I’m referring to the “divorce” between pianist Claudio Abbado and Hélène Grimaud, over which cadenza would be included in their recording of Mozart’s Piano Concerto No. 23 with Orchestra Mozart. (You can read about it here, or here.) Abbado favoured the one Mozart wrote; Grimaud wanted to play a cadenza written by Busoni.
To make a long story short, their disagreement on this point derailed the recording of the piece they had made together.
According to Grimaud, her strong preference for the Busoni would have made any decision to use Mozart’s cadenza “a sort of sellout.” Furthermore, she contended that it was a “soloist’s prerogative” to decide on which cadenza to use.
From Abbado, we have only a second-hand statement that he felt Grimaud “was not being a good partner,” and was displaying a “territorial approach.” (Perhaps that’s something she’s learned from her wolves?) But if Abbado had few words on the subject, his actions spoke loudly when he had Grimaud removed from concerts they were to perform at the Lucerne Festival this summer.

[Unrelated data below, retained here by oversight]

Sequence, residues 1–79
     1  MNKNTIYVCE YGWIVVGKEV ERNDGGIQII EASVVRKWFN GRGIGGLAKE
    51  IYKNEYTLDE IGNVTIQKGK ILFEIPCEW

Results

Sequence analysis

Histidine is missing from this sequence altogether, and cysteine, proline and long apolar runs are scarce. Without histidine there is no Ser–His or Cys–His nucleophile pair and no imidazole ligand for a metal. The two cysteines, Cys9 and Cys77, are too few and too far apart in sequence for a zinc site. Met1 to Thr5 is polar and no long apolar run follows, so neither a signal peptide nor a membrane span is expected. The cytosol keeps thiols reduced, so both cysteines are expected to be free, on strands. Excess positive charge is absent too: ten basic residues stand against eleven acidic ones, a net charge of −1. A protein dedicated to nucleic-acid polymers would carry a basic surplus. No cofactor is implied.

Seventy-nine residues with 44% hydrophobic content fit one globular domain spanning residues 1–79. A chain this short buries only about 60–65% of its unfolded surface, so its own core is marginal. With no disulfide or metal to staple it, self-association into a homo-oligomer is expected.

Both sides have refused to back down, and the recording they made together will probably never be released.
So how is this a good-news story?
It’s good news because it reveals that there are still some musicians who will put their artistic convictions before the need to “co-operate” or keep up appearances. The classical music world can sometimes seem like a great big mutual admiration society – discreetly facilitated by a cadre of publicists and managers who are very adept at sweeping disputes under the carpet.
I salute both Grimaud and Abbado for sticking to their guns. While I’m sorry that they’ve had a falling out that seems to have turned personal, I’m glad that it happened for the right reasons: artistic integrity and commitment to ideals.
And I’m also glad that news of the dispute reached the public’s ears. We need to learn of things like this: such disputes restore faith in the motivations of (some of) the musicians who appear in our concert halls.
© Colin Eatock 2011